Overall, I feel that this project was a success. It falls in line with achieving some teaching-related goals I had for the second semester. Namely, that I wanted classes to have some continuity between them (because first semester was all over the place) and that I wanted to use more authentic materials and do more meaningful activities. This project fits all of those criteria.
And of course I hope the students enjoyed it at least half as much as I did. I even learned new things about my country, like that the Statue of Liberty has 7 points in her crown to represent the 7 continents and that the Declaration of Independence caused a riot when it reached New York city on July 6, 1776.
Happily, I know for sure that some of the students definitely learned new information. A few of these learning moments will stand out very clearly in my memory. Two examples: the first moon landing and 9/11.
For the first: students were busy looking at the posters, moving in groups from event to event. This particular class had chosen to make posters about World War I, World War II, the assassination of Abraham Lincoln, the Statue of Liberty, and the first moon landing. When one group got to the first moon landing, they called me over.
“Miss! Is it true?” asked one of the students, pointing at the poster. I was a little disconcerted. “What do you mean? Maksudnya?” I asked. “Did this happen? Is it true?” they pieced together in English and bahasa. The fact that humans have been on the moon was new information for them.
I searched in my brain to give some context to this event so that I could explain in simple English (and some words in bahasa Indonesia) what had happened: basically the US and Russia didn’t like each other so they had a competition to go to the moon. The Russians were the first to send a satellite into space and later they sent a dog (“Miss! Did the dog live?” “No, I don’t think so students.”) after which the U.S. sent a monkey (“Did the monkey live, Miss?” “Uhh… I don’t know. I don’t think so.” They looked crestfallen.) and then people. They were intensely curious about how people could be on the moon. Is there wind on the moon? Can people breathe? Can they walk? Can people live there? Have a lot of people been on the moon? I showed them the man walking on the moon video on my phone. They seemed to like the space rover. One of mankind’s greatest achievements, and we learned about it in none other than English class. (This said, almost all of the students already know about the moon landing. This incident was an extremely isolated one.)
The second: 9/11. One brave group in all of class ten chose this event. When it was their turn to present their poster, one of their classmates asked me if he could ask them a question afterward. I was delighted; no one had asked any questions except for me. I told him of course he could.
The students did their presentations and I asked the usual series of comprehension questions. All of which the students could answer as this event was not news to them, although most of my students were only 1 or 2 years old when this happened. After I finished asking questions and the group started to head back to their desks, this student raised his hand: “Miss! My question!” I motioned for the group to stay in the front and for him to continue.
“I want to know, why did the terrorists attack WTC?” (WTC, pronounced way tay say, is the Indonesian abbreviation for the World Trade Center.) The group looked confused. The student with the best English in the group was pushed to the front to respond. He conferred with his groupmates and they referred to their poster. Their response was something to the effect that the terrorists don’t like Americans, so they attacked. This answer did not satisfy the inquisitive student.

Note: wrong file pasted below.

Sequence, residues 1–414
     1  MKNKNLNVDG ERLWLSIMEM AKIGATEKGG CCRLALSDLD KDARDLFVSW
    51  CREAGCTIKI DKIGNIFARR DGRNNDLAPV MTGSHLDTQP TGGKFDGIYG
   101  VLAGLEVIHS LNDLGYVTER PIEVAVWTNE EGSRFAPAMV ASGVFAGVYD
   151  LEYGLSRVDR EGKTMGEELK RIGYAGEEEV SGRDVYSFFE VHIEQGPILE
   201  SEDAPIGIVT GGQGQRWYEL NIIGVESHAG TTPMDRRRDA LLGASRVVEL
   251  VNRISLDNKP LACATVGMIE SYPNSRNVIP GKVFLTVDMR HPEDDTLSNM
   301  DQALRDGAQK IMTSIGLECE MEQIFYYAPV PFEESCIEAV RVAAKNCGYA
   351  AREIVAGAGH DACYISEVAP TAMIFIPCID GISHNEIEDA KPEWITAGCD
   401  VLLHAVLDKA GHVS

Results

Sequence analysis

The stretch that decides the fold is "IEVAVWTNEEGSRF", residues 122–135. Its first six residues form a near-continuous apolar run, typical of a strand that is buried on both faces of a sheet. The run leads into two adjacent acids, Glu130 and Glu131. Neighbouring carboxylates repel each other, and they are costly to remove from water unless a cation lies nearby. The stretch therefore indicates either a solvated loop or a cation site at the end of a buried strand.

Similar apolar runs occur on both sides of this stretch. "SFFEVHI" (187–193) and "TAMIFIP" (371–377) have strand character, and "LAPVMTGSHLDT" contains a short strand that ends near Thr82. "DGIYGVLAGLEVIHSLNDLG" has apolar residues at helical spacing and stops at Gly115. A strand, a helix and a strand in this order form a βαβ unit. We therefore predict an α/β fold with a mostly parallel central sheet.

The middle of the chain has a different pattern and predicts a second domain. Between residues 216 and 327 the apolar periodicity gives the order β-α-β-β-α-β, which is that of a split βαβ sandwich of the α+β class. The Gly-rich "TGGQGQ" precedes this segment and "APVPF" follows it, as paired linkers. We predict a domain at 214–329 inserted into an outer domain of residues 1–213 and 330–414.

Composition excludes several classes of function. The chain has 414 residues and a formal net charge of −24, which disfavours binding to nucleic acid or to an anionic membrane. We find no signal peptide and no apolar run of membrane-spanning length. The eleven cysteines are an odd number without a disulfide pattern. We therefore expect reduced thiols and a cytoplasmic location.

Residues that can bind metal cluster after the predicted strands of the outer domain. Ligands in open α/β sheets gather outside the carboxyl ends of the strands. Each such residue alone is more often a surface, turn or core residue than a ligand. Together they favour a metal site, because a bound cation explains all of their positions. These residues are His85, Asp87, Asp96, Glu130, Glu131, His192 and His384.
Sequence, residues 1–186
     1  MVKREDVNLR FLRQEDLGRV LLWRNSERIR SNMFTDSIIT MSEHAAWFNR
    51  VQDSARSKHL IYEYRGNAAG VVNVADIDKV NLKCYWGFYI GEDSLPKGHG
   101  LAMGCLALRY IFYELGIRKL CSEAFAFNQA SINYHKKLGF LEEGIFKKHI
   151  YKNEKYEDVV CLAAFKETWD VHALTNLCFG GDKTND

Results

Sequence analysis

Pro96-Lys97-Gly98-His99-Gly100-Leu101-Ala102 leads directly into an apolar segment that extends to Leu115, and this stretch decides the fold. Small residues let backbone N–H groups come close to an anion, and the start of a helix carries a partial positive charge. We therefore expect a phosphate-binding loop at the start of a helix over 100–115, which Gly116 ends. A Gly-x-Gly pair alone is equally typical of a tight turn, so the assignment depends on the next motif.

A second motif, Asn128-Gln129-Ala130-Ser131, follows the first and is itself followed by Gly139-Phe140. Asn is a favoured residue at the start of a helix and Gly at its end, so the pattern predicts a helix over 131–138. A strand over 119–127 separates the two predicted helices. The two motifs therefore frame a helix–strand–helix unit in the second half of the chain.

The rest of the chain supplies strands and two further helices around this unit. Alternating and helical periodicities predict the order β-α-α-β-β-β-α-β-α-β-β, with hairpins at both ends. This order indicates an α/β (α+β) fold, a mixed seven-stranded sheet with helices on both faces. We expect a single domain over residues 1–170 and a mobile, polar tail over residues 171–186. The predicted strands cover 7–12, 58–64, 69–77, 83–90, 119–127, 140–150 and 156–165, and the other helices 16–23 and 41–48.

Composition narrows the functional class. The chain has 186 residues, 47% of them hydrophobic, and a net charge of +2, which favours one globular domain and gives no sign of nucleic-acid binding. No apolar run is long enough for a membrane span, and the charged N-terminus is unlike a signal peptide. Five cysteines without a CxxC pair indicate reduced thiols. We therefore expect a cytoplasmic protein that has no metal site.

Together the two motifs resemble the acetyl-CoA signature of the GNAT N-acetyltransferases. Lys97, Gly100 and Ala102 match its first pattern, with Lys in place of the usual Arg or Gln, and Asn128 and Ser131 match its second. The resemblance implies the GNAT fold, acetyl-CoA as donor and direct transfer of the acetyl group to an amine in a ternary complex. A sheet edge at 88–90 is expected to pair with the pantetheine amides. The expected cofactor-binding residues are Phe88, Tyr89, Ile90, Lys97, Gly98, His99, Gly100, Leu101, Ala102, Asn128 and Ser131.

“No!” he shook his head. “I want to know, why did the terrorists attack WTC? Why not the White House or the Statue of Liberty or…” Understanding dawned on the faces of all the class. The group looked again at their poster, searching for the answer in the text they took from Wikipedia. After a minute of frustrated searching, I intervened with a marker in hand. I explained that on 9/11, there were four planes hijacked. 2 hit the World Trade Center, 1 hit the Pentagon (I briefly explained the Pentagon by saying that it is very important and full of secrets), and 1 was supposed to hit the White House but the passengers fought back and it crashed on a farm instead.
I found it difficult to explain further; remaining unemotional in not a strong trait of mine. So I summarized by saying that the terrorists did want to attack other American symbols but that the World Trade Center attack was the only one that was “100% successful.” Secretly, I am happy that his question was not about American perceptions of Muslims. This is a difficult topic to talk about with my students, who I love and who are almost all Muslim, and I fear not doing this topic justice in class. Perhaps it will come up in the month and a half that remains, and I can only hope that I can be as informative, accurate, and honest as possible for these kids who mean so much to me. (In the meantime, I direct everyone reading this to also read this article called “Dear American Friend.”)
I didn’t have time to fully read every group’s poster in class, so I took them to the teacher’s office with me after the presentations to give comments (Good Job/Needs Improvement) and USA-themed stickers to all of the groups. I am hoping that the stickers start appearing on students’ notebooks and phones in the coming weeks. And the five most correct/neatly designed posters I will hang in the new English wall (I requested special permission to make the wall just for displaying this project) outside the teacher’s room.